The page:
A 42-year-old man has died of a heart attack after apparently being stung by a stingray while swimming off the Tasmania coast, police said. Attempts to resuscitate the man, who suffered a cardiac arrest on Saturday afternoon in the waters at Lauderdale beach, east of Hobart, were unsuccessful, police said.
“He was removed from the water by friends prior to the arrival of emergency services,” the Tasmanian police said in a statement. “It was reported he was unaccompanied in the water at the time of sustaining a puncture wound to his lower abdomen.”
The man was swimming close to shore when the attack happened. The police statement did not name the man.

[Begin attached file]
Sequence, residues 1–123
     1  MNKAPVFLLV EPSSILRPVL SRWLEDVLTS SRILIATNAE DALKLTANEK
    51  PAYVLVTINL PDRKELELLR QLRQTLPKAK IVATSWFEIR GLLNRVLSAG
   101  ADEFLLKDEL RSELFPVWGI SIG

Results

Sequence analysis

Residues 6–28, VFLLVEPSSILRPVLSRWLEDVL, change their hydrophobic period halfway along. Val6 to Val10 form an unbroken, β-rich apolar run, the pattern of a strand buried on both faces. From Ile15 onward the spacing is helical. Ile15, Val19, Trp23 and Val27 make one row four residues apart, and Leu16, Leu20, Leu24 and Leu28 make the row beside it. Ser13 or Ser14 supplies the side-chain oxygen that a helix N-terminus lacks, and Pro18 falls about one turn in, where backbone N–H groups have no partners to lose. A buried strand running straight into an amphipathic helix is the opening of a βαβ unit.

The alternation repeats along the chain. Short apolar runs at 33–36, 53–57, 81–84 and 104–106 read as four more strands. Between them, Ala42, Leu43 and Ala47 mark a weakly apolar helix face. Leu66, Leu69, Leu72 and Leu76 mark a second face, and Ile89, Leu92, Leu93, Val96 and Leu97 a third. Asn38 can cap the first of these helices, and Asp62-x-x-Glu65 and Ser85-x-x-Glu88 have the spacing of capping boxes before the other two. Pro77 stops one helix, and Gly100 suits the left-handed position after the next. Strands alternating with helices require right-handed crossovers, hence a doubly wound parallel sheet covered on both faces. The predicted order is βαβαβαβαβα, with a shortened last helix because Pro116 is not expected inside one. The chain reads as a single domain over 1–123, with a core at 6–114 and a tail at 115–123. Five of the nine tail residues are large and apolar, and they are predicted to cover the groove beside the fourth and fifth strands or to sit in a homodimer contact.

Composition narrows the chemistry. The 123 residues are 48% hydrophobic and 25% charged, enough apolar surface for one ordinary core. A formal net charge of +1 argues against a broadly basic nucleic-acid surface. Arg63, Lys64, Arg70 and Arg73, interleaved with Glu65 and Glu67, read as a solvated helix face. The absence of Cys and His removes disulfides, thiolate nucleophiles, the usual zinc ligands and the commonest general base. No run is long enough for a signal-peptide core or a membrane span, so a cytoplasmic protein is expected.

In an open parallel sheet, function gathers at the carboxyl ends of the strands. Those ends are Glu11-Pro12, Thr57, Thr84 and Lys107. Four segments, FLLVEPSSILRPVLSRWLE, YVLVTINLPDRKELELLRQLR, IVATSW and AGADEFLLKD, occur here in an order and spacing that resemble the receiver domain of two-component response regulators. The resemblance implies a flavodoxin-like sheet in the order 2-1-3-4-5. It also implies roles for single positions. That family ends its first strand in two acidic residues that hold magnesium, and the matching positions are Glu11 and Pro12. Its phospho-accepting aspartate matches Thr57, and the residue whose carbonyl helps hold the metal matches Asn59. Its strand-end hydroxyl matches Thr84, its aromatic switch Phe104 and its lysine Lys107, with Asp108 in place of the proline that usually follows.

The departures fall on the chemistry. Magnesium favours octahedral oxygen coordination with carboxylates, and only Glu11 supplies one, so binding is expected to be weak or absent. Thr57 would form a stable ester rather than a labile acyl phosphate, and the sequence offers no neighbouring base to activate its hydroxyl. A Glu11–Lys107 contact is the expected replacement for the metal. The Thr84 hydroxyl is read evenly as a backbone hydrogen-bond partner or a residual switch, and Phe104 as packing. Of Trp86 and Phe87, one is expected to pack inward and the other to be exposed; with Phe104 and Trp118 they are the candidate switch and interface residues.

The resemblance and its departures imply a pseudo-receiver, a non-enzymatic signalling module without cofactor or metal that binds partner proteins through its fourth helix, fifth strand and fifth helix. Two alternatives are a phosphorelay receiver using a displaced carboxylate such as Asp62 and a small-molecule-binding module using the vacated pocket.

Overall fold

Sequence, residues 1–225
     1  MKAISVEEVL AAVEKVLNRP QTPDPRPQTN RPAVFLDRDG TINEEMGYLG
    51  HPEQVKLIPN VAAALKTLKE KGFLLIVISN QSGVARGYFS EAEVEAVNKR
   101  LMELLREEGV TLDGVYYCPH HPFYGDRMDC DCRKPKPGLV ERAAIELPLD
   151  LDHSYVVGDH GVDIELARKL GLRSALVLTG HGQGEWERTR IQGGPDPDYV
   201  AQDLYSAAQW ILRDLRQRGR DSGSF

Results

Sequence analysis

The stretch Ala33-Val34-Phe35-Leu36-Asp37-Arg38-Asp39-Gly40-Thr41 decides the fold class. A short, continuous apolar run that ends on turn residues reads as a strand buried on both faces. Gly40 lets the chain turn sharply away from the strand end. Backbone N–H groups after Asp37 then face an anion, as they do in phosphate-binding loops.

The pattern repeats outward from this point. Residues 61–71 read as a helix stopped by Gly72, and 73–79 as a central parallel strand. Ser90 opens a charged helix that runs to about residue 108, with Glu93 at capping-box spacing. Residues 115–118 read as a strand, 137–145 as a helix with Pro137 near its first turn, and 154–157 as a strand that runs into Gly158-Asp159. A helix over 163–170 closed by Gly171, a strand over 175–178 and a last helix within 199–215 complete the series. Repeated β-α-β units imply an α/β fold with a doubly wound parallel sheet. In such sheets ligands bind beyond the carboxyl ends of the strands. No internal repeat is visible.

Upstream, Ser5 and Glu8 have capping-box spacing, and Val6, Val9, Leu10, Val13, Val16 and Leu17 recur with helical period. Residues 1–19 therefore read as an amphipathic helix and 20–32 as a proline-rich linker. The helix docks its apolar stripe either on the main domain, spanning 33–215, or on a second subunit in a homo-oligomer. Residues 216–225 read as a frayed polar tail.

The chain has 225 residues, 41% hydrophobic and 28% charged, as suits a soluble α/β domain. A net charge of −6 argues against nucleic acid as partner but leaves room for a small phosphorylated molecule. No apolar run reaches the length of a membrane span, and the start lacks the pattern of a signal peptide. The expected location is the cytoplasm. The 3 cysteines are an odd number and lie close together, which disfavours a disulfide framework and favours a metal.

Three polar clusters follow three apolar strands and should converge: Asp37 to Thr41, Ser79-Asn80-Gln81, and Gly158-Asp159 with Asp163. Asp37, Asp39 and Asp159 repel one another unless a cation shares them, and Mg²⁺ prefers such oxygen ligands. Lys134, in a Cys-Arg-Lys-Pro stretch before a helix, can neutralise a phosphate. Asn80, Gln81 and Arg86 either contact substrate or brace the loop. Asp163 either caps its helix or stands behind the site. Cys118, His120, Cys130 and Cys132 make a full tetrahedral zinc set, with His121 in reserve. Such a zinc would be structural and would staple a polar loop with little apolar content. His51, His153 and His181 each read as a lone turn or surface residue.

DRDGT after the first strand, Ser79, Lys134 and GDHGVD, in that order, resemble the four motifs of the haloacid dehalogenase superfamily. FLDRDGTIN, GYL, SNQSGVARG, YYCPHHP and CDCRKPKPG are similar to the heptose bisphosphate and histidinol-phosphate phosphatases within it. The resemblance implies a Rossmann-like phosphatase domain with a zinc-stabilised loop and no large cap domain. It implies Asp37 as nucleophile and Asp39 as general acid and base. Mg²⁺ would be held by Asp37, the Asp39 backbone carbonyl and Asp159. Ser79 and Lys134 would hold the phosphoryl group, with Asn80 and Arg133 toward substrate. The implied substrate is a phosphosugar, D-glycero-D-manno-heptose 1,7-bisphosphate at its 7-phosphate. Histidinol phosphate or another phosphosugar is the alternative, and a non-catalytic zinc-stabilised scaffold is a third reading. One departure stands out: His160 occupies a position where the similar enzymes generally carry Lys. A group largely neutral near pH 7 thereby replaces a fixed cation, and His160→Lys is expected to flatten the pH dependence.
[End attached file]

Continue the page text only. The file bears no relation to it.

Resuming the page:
The beach was open on Sunday. On Saturday the ABC reported the mayor of Clarence, Doug Chipman, saying the council was yet to decide whether it would close the beach after the incident.
“We have to find out if this is a one-off tragic accident or whether there’s a wider threat to the community,” Chipman said.
Stingrays are not considered aggressive and fatal stingray attacks on humans are extremely rare. Its venom causes pain and can alter heart rate and breathing.
In 2006, Australian conservationist and “Crocodile Hunter” Steve Irwin died after a stingray’s serrated barb pierced his heart while filming off the Great Barrier Reef.
This article was first published by The Guardian on 18 Nov 2018.